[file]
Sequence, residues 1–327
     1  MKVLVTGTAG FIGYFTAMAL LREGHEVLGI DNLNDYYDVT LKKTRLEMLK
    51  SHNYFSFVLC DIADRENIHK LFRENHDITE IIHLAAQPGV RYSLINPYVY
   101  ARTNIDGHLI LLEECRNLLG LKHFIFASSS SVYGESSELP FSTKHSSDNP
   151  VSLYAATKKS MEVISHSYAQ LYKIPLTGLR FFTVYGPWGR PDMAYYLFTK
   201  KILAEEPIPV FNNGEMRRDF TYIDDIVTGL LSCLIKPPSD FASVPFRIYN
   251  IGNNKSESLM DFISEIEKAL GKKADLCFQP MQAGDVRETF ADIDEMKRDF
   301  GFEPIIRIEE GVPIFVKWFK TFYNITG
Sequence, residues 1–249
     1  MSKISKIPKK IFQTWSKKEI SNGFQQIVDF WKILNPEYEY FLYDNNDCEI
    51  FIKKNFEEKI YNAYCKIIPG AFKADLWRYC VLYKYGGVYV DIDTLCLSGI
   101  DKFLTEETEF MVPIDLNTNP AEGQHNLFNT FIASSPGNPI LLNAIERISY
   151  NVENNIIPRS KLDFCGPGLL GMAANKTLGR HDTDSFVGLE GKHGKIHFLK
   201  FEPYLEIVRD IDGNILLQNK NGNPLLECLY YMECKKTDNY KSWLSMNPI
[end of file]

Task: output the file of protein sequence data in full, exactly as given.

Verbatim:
Sequence, residues 1–327
     1  MKVLVTGTAG FIGYFTAMAL LREGHEVLGI DNLNDYYDVT LKKTRLEMLK
    51  SHNYFSFVLC DIADRENIHK LFRENHDITE IIHLAAQPGV RYSLINPYVY
   101  ARTNIDGHLI LLEECRNLLG LKHFIFASSS SVYGESSELP FSTKHSSDNP
   151  VSLYAATKKS MEVISHSYAQ LYKIPLTGLR FFTVYGPWGR PDMAYYLFTK
   201  KILAEEPIPV FNNGEMRRDF TYIDDIVTGL LSCLIKPPSD FASVPFRIYN
   251  IGNNKSESLM DFISEIEKAL GKKADLCFQP MQAGDVRETF ADIDEMKRDF
   301  GFEPIIRIEE GVPIFVKWFK TFYNITG
Sequence, residues 1–249
     1  MSKISKIPKK IFQTWSKKEI SNGFQQIVDF WKILNPEYEY FLYDNNDCEI
    51  FIKKNFEEKI YNAYCKIIPG AFKADLWRYC VLYKYGGVYV DIDTLCLSGI
   101  DKFLTEETEF MVPIDLNTNP AEGQHNLFNT FIASSPGNPI LLNAIERISY
   151  NVENNIIPRS KLDFCGPGLL GMAANKTLGR HDTDSFVGLE GKHGKIHFLK
   201  FEPYLEIVRD IDGNILLQNK NGNPLLECLY YMECKKTDNY KSWLSMNPI